A longer version of this review was originally published on KinoKultura
In the second season of BBC America’s TV show Killing Eve, we are introduced to a new villain, whom Eve Polastri labels “The Ghost.” In every way, The Ghost is the main villain’s polar opposite: while Villanelle’s killings are elaborately staged performances, the Ghost kills her targets simply, quietly, and without much blood. She is “considerate” and even “respectful,” as Eve and the other MI6 agents note. But most importantly, The Ghost is able to go in and out of buildings, hotels, and apartments without drawing any attention to herself. She is, as Eve puts it, “someone who can go about their business without anyone noticing, because what they do is seemingly uninteresting. They’re not important. They’re invisible. It’s the kind of woman who people look at every day and never see.”
The Ghost turns out to be exactly as Eve predicts: a middle-aged woman of color masquerading as a low-wage domestic worker. She passes as a nurse, a beautician, a cleaning woman, a janitor – any category of person who is quite literally invisible to our eyes because of the labor they perform. She makes our food, cleans our floors, takes out our garbage, and yet, we – that is to say, the average middle-class white viewer or customer – never see her.
Sergei Dvortsevoy’s 2018 film Ayka (Айка), is precisely about making us see this kind of woman. The film stars the brilliant Samal Yeslyamova as Ayka – a role for which she won the award for Best Actress at the Cannes Film Festival – as a young woman who has come to Moscow from Kyrgyzstan in order to make a different life for herself from the one she left back home. Like all migrant workers across the globe, Ayka is trying to survive by working any odd job she can find: plucking chickens, cleaning floors, serving coffee behind the counter at a car wash, even clearing snow – any job, in other words, that doesn’t require a right to work or a residency permit. She has a bed in an illegal “hostel” – a dirty flat she shares with many other migrants, under the duel threats of extortion and deportation. And while her lot is that of any migrant worker trying to make ends meet, trying to save enough to send back home, trying to avoid police, her case is complicated by the fact that she owes money to creditors, and has recently given birth.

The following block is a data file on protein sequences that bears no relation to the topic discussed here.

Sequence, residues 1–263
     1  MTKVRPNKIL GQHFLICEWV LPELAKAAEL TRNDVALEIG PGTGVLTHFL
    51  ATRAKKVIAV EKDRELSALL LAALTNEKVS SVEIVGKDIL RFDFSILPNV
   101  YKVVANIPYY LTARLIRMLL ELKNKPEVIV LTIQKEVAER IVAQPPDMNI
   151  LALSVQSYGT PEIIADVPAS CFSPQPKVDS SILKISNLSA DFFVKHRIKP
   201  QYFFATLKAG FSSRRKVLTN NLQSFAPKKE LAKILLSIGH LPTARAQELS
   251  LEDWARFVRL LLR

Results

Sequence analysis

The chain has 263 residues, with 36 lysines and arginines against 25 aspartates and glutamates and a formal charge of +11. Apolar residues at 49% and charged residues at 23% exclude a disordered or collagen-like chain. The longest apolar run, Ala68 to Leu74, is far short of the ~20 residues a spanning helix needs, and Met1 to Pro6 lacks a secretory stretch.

While this is Dvortsevoi’s second feature film, it is shot in a documentary style, with a handheld camera and an emphasis on real spaces of city streets and buildings, and engaging non-professional actors, many of them, migrant workers themselves. The project took six years to complete and is a testament to Dvortsevoi’s desire to show the real experiences of migrant workers in Russia. Besides conducting extensive interviews, and getting permission to film inside illegal hostels, Dvortsevoi spent many months observing migrant labor: the scene at the underground slaughterhouse, for example, took many months to film, and Yeslyamova and other actresses were trained in how to clean and defeather chickens. Like the bleak landscape and the limited color palette of the film as a whole, the soundtrack is minimal and entirely diegetic. Particularly, we hear the sound of Ayka’s telephone constantly ringing that signals the creditors’ ability to reach her anywhere and everywhere. This sound is replaced toward the end with the wailing of her hungry child, a different kind of demand that Ayka also tries throughout the film to resist.